Miso Chicken Wings at Bar Goto — You may have thought you'd tasted everything as far as avian flight appendages goes, but try sinking your teeth into the gloppy, scrumptious, and richly textured wings, which arrive piled on the plate so they're almost glued together and sprinkled with white and black toasted sesame seeds. Bar Goto on the Lower East Side is the most recent project of Kenta Goto, most famous for his inventive cocktails at Pegu Club. 245 Eldridge St, (212) 475-4411.
Lost Bread Frittata at El Rey — This small cafe with relatively cheap prices once again demonstrated the vitality of the Lower East Side food scene, starting out as a coffee bar, turning first into a lunch counter, and later into a dinner spot. The lost bread frittata displays chef Gerardo Gozalez's novel approach to vegetarian dining: this commingling of recipes for French toast and Spanish frittata sports a verdant sauce and comes festooned with greenery, like vines on a rural cottage. One bite and you're hooked. 100 Stanton St, (212) 260-3950.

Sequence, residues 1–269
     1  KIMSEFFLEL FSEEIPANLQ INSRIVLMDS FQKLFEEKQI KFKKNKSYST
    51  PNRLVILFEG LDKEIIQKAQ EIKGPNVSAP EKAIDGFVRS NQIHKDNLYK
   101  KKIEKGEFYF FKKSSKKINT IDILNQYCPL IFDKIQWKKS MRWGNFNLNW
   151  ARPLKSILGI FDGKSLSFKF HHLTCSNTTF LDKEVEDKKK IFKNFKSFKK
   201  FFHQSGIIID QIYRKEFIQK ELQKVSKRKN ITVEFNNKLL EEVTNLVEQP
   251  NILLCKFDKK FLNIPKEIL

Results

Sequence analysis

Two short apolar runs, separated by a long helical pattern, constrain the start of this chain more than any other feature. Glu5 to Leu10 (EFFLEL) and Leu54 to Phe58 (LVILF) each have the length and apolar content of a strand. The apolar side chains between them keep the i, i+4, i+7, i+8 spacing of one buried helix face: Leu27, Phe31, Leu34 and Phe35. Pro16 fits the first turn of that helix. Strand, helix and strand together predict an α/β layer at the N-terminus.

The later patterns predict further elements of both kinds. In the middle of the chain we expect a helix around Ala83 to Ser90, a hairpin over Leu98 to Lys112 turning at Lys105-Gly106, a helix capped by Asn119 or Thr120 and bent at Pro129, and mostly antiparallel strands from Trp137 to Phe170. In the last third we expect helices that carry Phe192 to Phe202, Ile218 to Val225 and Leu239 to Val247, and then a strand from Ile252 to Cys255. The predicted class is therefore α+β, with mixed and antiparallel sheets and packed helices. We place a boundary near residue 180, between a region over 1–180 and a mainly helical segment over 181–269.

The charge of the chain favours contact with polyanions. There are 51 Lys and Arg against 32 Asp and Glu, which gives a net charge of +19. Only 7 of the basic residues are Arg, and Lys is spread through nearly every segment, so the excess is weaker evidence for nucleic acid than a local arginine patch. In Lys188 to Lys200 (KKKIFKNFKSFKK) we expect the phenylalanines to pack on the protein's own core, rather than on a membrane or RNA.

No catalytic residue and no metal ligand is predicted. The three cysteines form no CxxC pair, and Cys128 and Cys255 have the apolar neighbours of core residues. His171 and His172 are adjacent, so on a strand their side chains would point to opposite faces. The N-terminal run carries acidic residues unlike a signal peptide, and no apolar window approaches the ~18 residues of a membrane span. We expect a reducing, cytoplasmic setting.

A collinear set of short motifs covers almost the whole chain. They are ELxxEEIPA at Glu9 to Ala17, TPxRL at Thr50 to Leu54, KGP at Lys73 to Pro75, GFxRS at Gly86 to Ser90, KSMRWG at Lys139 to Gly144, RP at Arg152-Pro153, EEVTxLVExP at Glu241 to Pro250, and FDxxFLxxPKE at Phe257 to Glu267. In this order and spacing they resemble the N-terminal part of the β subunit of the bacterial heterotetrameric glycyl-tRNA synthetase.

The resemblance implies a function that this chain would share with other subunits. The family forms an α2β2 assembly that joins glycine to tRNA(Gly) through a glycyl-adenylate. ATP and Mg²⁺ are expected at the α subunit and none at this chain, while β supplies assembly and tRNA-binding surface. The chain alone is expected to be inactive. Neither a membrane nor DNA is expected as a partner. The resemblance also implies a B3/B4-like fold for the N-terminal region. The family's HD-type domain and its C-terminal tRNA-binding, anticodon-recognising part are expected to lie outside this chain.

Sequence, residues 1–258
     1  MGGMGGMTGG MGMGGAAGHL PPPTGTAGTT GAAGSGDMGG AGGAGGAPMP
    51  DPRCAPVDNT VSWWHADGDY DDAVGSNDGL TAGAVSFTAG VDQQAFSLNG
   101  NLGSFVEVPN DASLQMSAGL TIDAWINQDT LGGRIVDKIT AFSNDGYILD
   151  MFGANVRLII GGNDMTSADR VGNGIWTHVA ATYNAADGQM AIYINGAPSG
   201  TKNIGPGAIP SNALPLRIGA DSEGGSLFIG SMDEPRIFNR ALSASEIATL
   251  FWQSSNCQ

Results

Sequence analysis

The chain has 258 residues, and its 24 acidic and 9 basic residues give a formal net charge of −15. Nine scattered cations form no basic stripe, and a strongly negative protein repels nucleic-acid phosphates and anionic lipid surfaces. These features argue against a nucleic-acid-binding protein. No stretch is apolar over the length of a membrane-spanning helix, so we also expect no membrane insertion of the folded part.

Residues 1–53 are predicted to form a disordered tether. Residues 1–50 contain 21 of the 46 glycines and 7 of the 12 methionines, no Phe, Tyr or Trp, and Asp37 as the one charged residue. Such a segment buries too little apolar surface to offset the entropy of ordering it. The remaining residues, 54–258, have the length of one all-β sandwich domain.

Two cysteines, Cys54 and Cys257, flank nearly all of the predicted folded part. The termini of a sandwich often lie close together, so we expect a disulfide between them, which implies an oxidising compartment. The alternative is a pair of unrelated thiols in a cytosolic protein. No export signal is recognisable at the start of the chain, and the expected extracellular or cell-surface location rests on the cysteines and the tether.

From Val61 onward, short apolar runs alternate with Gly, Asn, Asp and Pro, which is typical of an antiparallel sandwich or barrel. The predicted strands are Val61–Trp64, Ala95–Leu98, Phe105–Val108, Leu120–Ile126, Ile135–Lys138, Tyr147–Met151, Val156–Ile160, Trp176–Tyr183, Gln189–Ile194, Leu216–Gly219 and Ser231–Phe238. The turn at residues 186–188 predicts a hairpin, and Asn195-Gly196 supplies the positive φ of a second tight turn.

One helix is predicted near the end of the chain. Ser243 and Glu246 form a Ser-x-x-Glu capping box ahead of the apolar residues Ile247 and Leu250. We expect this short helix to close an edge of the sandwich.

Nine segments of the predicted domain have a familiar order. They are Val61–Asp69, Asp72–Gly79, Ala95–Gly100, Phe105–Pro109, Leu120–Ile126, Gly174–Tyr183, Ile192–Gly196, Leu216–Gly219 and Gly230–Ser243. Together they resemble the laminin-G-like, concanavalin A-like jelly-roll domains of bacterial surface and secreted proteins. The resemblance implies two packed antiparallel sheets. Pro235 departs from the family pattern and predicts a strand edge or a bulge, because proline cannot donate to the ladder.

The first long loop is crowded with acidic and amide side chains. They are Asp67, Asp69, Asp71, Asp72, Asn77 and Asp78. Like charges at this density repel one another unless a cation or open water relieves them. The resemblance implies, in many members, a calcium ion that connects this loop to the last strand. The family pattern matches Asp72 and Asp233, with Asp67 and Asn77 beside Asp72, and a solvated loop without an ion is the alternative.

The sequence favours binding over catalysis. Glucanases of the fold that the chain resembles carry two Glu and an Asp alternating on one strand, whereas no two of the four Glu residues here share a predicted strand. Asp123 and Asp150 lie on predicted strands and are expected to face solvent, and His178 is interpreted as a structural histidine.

Muslim Lamb Chop at Fu Ran — The boxy restaurant often styles its name "Fu Run," as if jogging in the present rather than the past. Its best dish is a rack of lamb ribs, called rather modestly by the singular "lamb chop," which comes covered in toasted cumin seeds, and represents a wad of meat so generous (these were damn big lambs) that four or five diners could easily share this dish. The flavor is rich and fatty, and you'll swear as you gnaw the last bit of flesh from each bone, that you're eating at an Arab grill in Baghdad and not a Dongbei restaurant in Flushing. 40-09 Prince St, Queens, (718) 321-1363
Strozzapreti alla Norcina at Bono Trattoria — Name-checking a small town in Umbria's remote southeast famous for its pork sausages and hams, Bono tenders one of the best pastas of this year, a mellow toss of swine and cream matched with a noodle that Italians playfully call a "priest strangler." Bono Trattoria is one among several worthwhile new restaurants on Upper Broadway in Hamilton Heights, with excellent food that also gives you a break over downtown prices. 3658 Broadway, (646) 682-9249